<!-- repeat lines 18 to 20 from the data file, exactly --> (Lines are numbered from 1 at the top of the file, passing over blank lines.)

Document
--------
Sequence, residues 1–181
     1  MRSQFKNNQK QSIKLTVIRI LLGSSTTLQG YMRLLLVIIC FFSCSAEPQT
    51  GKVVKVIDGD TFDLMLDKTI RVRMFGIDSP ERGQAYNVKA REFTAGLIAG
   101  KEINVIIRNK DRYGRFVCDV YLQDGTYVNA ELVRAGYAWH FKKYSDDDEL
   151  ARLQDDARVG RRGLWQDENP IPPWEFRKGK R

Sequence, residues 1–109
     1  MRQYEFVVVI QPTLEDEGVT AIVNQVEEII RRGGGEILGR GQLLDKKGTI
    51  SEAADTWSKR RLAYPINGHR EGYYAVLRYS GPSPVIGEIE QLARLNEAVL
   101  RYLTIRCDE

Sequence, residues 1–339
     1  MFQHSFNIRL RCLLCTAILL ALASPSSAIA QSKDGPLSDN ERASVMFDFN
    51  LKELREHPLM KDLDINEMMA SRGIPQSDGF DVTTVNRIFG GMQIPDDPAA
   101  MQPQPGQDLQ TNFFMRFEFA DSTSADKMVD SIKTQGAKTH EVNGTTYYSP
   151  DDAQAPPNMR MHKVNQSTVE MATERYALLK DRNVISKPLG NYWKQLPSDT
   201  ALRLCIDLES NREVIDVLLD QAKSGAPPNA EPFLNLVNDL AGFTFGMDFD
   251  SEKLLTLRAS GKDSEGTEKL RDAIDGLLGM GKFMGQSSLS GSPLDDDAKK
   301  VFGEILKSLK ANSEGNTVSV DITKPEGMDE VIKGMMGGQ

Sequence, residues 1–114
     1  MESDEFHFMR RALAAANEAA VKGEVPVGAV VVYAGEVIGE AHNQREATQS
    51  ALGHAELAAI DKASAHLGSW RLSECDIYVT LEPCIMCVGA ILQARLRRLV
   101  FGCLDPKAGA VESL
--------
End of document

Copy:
Sequence, residues 1–114
     1  MESDEFHFMR RALAAANEAA VKGEVPVGAV VVYAGEVIGE AHNQREATQS
    51  ALGHAELAAI DKASAHLGSW RLSECDIYVT LEPCIMCVGA ILQARLRRLV